A line spoken by Robin (Chris O'Donnell) in Batman Forever is a homage to the television Robin's catch-phrase exclamations that started "Holy" and sometimes ended "Batman!" - for instance "Holy bargain basements, Batman!" (from the television series' first season) and "Holy flypaper, Batman!" (from the television series' second season). During the movie, Robin says "Holy rusted metal, Batman!" after the duo climb onto twisted metal girders beside some water. This catchphrase also appeared for a time in "Batman" comic books.

Batman '66[edit]

In 2013, DC began publication of Batman '66, a comic book series telling all-new stories set in the world of the 1966-1968 TV series. Jeff Parker writes the series, which features cover art by Mike Allred and interior art by different artists each issue.[12][13][14] In the course of this series, the Bookworm, the Minstrel, Sandman, Olga Queen of the Cossacks, Zelda The Great, Shame, and Marsha Queen of Diamonds all have their first appearance in Batman comics. Penguin, Joker, Riddler, Catwoman and Mr. Freeze also appear in the series. Issue #3 of Batman '66 introduced the Red Hood and Dr. Quinn into the series continuity. In issue #7 Batman used a new vehicle, the Bat-Jet, to follow False-Face to Mount Rushmore. The series was to have introduced Killer Croc into the continuity, as well as a new villainess named Cleopatra. In April 2014, the first five issues were compiled into the Batman '66 Vol. 1 trade paperback. Kevin Smith and Ralph Garman likewise worked on a Batman and Green Hornet crossover, titled Batman '66 meets The Green Hornet.[15] The six-issue mini-series began publication in June 2014.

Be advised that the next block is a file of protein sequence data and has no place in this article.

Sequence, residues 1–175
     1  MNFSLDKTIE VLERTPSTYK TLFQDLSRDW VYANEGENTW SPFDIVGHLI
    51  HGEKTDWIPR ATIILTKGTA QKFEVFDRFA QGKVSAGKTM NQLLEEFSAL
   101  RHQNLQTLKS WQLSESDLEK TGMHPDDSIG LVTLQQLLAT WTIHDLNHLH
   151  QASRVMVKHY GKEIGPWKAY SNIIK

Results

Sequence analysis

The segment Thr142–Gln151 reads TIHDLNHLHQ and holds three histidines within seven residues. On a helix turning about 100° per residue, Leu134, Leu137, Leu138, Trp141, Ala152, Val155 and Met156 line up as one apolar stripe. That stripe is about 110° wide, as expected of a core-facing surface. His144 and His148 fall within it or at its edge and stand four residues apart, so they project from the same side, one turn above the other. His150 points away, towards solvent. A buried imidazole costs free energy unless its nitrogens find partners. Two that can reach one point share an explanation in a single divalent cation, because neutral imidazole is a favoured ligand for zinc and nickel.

Other Comics[edit]

Bluewater Comics has released a series of comics that take their cue from the TV show. They are The Mis-Adventures of Adam West, The Secret Lives of Julie Newmar, and Burt Ward, Boy Wonder and are similar in tone to the TV series. The Mis-Adventures of Adam West had a four issue mini-series, and a regular series that ran nine issues. The Secret Lives of Julie Newmar was a four issue mini-series and Burt Ward, Boy Wonder was going to be a four issue mini-series but has not yet been published.

Batman Arkham Origins[edit]

  • In the Batman: Arkham Origins video game, exclusive DLC for the PlayStation 3 includes a Batman skin based on the Batman TV series.

DVD & Blu-ray Release[edit]

In January 2014, Conan O'Brien posted on his Twitter account, and Warner Bros. later confirmed, that Warner Bros. would release an official DVD and Blu-ray box set of the complete series sometime in 2014.[16]

On April 10, 2014, the website tvshowsondvd.com quoted Burt Ward in saying that Warner Bros. would release the complete series on November 11, 2014 in time for the holiday season from 20th Century Fox Television, and that he and Adam West were doing special features for the release.

Prior to the announcement, there were multiple conflicting reports for the reason the series had not been released officially. These included:

  • Disagreement between DC Comics, owners of the Batman character, after DC's sister/parent company Warner Bros. took over DC in 1969. Warner Bros. could also be involved, as well as 20th Century Fox, owners of the program itself.[notes 3]